Over the Thanksgiving Break, my family and I watched Spider-man Homecoming (SMH) and we liked it. It wasn’t our favorite Marvel movie, but it was still fun and exciting. I thought I’d do a Mini-Review for the blog based on my love of comic book movies, Marvel movies, and Spider-man movies. This one was very good–not the best–but still very good.
Action AND Humor
One thing that SPH really gets right is the action sequences as well as the humor of the character. One of the crucial things that filmmakers don’t really get about the character is that Peter Parker is a “sincere” human being having to react to some of the scummiest situations (both in terms of everyday life and over-the-top villainy) that are out there. His defense mechanism is his ability to turn every situation into a joke or a wise-crack. Yes, as Spider-man, Peter is insanely powerful and gifted, but it is the humor that helps him deflect much of the trials and tribulations that he goes through. While not nearly as funny as say, Guardians of the Galaxy, there’s still a bit of that irrepressible mixture of deft humor along with very strong action scenes that help to sell the movie and Tom Holland’s performance of the character. As much as I disliked the high school stuff (see below), I think that Tom Holland’s performance of Peter Parker might be my favorite so far (I’ll have to reflect more on that as the year ends and I see it more times to be sure).
Straight Outta’ High School
So why isn’t this my favorite of all the Spider-man movies? In two words: high school. The filmmakers decided to “reset” Peter as it were, and placed a significant portion of it in Peter’s high school life/activities. Now, don’t get me wrong, this is where quite a bit of both the tension and the humor comes in, but I’m just not one who really likes (for the most part), high school narratives in movies. In this case, while well done, these were (again, for the most part) some of the least interesting parts of the movie. Yes, they were well acted and all the rest, but having collected Spider-man comics during my high school and early college years (freshman & sophomore years), I really think that the true strength of the Peter Parker narrative comes from his struggle to support himself as a young photographer at the Daily Bugle with J. Jonah Jameson. Yes, I know Peter originally started in high school, but I personally don’t feel that the stories came into their own until his college/work years, and this perception colored my feelings towards the movie. I liked it, but I would have liked it even more had the filmmakers chosen to “age-up” Peter’s character (as I assume they will in future movies).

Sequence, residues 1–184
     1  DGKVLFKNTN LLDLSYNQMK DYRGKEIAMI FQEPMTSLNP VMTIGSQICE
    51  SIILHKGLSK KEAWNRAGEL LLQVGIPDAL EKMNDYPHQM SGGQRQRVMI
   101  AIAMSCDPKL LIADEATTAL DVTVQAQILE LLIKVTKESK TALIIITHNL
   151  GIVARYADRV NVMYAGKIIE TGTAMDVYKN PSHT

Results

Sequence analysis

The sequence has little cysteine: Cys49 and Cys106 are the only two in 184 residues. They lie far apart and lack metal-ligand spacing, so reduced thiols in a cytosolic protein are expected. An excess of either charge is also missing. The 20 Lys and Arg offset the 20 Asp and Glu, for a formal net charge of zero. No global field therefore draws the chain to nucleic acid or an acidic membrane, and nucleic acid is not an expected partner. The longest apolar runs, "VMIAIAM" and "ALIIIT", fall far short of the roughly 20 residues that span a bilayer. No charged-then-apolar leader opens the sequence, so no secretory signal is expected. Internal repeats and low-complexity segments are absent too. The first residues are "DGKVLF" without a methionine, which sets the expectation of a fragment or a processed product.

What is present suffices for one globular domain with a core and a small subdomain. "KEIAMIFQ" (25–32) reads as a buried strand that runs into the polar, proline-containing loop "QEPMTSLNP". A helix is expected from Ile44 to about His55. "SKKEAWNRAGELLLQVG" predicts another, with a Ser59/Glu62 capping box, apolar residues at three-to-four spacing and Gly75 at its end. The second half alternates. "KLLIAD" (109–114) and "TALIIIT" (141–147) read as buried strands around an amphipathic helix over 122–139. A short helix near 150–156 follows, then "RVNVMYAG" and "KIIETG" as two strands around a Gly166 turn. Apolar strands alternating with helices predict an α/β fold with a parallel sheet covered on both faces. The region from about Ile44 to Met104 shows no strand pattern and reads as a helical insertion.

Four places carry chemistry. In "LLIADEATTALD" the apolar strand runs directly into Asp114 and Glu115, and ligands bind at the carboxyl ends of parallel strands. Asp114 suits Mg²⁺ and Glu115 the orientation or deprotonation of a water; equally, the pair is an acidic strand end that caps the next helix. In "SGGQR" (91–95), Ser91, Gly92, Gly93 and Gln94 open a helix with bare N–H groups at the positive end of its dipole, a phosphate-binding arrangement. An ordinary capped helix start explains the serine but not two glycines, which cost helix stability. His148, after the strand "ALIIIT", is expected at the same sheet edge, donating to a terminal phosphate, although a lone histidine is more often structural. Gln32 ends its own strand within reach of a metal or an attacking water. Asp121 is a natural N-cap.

Marvel Movie Genres (This would be the YA Movie)
The Marvel movies have been good with mixing different genres into the standard comic book movie formula (well, with the exception of “horror” movies which they don’t seem to want to do even when it is the most appropriate genre–Age of Ultron). However, this one would be the YA movie, if that’s the case. Much like movies like The Hunger Games, The Spiderwick Chronicles, etc., the reliance on such a young cast and the focus on quite a bit of high school drama/activities makes this feel more in line with a YA movie than it does with a typical Marvel movie–not that that’s necessarily a bad thing, but something to be aware of. I should note, however, that the performances by the cast, both younger members and older members, were excellent and well done. I look forward to their next outing whenever Marvel and Sony team-up again to produce another one. My only hope is that we move past the high school setting into college and work-life and that they can make that as compelling in the movies as it was in the comics.
Overall Grade: B (Solid performances, action, and humor, dragged down by an over-reliance on high school drama and a bit (not too much, but a definitely bit) of teen angst/drama).
Implications for my Writing: I have to understand that I don’t really like certain genres/things: the “heist” movie, “crime” movies, and apparently “high school” movies. If I don’t like them, it’s probably not a good idea for me to try to write them in that I probably won’t be able to create a story that is credible and true to the genre because I can’t see past the “flaws” of the genre to do it justice. There are probably genres that I won’t be successful writing, and the “high school drama” might be one of those genres.
- Read Faerie Knight in the anthology Fae, Rhonda Parrish, Ed. or the Kindle Edition
- Read Ship of Shadows in the anthology Visions IV: Space Between Stars, Carrol Fix, Ed. or the Kindle Edition.
- Read WarLight in the anthology Visions VI: Galaxies, Carrol Fix, Ed. or the Kindle Edition.
- Read Dragonhawk in the magazine Tales of the Talisman, Vol. 8, Iss. 3, David Lee Summers, Ed. or the Kindle Edition.
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